Yesterday I completed the PAL DVD for ‘Gone Fishing’.
This DVD is for showing to festival co-ordinators and people who may be interested in the new features I am writing. For now, it won’t be available to anyone else, not even my family! (as I explained on the blog before, we need to keep tight reigns on the DVD so it does not appear on YouTube and destroy our festival aspirations).
I have been working with Adobe Encore which I have found very good most of the time, but cryptic and flaky at other times.
I rendered the picture and sound separately – the picture part of the DVD was made from an HD uncompressed Avid project, so it took a few hours (the 10 min project was 150gb in total), but it looks stunning. On DVD, it will never look better.
After remixing the sound, I was able to do a new soundtrack for the DVD too. We shot at 24fps and DVD runs at 25fps, so I needed to do a speed up – which I did in Adobe Audition (by changing the length to 96% using the Stretch tool). Incidentally, I was also able to make a Polyphonic WAV in Audition too – that is, all six channels of sound in single WAV file, uncompressed – it’s pretty easy in Audition, which also has a surround sound mixer built in.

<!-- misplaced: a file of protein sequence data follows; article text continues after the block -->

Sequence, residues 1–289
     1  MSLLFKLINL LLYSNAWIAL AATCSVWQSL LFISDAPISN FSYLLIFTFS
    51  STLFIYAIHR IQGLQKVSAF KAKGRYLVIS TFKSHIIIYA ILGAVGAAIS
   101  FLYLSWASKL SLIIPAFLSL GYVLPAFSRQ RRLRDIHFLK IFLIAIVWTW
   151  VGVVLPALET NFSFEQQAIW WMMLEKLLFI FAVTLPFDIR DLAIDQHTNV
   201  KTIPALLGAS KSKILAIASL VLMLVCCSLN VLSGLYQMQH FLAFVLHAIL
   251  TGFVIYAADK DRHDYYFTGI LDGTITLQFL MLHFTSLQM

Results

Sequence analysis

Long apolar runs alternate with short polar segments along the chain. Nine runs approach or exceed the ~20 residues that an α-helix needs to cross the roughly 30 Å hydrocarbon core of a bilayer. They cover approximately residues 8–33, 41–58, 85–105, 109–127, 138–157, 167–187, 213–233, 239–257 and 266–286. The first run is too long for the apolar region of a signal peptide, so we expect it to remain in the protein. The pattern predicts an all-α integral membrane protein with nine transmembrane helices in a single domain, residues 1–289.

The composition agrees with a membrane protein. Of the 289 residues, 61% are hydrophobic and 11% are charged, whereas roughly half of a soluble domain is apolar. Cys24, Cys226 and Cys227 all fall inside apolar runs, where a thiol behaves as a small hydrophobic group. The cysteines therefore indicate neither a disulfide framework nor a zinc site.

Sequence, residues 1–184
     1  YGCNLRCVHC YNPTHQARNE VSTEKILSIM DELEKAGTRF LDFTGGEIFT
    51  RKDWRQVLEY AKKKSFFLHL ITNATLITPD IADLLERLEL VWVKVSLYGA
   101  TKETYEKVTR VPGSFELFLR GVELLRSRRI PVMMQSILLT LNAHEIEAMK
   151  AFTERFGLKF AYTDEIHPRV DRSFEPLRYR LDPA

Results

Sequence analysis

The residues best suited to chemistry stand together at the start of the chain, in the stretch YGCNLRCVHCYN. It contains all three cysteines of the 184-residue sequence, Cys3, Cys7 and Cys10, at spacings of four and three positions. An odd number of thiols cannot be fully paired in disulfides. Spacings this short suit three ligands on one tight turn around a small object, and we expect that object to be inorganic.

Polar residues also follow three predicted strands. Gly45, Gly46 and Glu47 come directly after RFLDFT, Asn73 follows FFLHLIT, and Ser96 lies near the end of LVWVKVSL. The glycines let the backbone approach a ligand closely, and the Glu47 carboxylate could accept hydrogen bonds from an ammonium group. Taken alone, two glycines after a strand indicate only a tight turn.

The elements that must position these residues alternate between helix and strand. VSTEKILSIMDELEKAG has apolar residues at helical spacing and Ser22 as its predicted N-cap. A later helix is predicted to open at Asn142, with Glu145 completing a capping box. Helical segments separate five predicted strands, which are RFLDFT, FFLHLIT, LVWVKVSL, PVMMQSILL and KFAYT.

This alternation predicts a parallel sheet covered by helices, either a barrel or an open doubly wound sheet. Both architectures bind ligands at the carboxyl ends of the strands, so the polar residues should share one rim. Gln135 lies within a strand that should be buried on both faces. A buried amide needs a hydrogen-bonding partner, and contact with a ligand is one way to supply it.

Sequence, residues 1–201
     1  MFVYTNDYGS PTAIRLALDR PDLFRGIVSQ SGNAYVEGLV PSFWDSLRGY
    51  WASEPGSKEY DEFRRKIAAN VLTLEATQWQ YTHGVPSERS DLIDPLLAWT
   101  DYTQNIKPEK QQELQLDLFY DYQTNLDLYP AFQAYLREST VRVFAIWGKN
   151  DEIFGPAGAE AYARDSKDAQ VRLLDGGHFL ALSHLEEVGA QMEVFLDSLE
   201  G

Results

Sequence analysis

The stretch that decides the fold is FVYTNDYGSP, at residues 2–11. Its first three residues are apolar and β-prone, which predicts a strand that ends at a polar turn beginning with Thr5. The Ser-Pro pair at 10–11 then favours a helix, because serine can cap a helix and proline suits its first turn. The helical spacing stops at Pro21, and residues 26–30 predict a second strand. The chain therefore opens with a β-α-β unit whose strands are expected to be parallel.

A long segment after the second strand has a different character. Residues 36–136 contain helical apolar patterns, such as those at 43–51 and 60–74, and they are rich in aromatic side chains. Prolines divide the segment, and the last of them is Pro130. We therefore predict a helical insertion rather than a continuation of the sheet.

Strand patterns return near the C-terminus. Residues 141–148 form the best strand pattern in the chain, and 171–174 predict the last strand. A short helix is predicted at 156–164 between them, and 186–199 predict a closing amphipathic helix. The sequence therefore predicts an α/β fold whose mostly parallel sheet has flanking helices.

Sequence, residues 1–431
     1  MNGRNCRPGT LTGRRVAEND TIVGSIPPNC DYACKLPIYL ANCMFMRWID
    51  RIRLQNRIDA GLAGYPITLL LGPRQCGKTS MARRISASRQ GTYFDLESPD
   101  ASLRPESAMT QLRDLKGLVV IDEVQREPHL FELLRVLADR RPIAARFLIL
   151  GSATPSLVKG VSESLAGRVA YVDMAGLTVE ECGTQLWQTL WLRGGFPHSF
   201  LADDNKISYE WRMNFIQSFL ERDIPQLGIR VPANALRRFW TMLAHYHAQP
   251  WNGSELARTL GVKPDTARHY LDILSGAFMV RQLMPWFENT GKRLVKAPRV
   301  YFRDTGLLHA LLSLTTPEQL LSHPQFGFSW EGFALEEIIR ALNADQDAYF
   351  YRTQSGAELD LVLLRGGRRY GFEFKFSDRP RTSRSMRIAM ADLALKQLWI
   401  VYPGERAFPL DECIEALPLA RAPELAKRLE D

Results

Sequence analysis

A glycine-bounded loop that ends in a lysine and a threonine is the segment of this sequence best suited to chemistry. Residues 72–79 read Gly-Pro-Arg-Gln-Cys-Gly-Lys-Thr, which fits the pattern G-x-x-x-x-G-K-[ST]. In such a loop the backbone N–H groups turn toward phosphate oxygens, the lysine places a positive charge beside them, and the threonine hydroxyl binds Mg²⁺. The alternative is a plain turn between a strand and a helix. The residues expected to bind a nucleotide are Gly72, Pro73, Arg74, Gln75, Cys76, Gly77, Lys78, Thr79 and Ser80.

I have spoken to many sound engineers and everyone is saying basically what I already knew, which is ‘don’t bother with pitch correction when speeding up or slowing down, as it introduces new and unnecessary audio artefacts.’ There is such an enormous amount of misinformation floating around about 24fps and 25fps and as anyone who has done my Guerilla Film Makers Masterclass knows, I have plenty to say about it! Well now I have even more having just gone through the grinder of 24fps with no budget. Categorically stated now, if you live in PAL world and have little money, shooting 25fps is easier and cheaper and has no technical or presentational disadvantages at all. None.
So now I have a version of the sound at 25fps (converted in Audition), and I used an old Dolby Digital Software encoder to create an AC3 5.1 surround file (which is compressed heavily). Dolby Digital can handle up to 640k /second, but Encore would crash out with using anything above 448 k/ sec, which is annoying, but they way that it is. It still sounds very good though.
I also managed to encode a DTS track which is 1.5mb / sec, so three times as much data, and it sounds so much better. As we speak, the 24bit files are being encoded by Richard Osborne at Abbey Road Interactive into a DTS HD audio stream, which will deliver uncompressed 24 bit sound via BluRay – that is if Encore will play ball (the manual says it will but I am not so sure – and so the BluRay saga continues).
Also, in the next few days I will be encoding an NTSC disk for the USA.
I promise once we get through this technical stuff, I will disengage my propeller head and get on with fun stuff like film film festivals.
Onward and upward!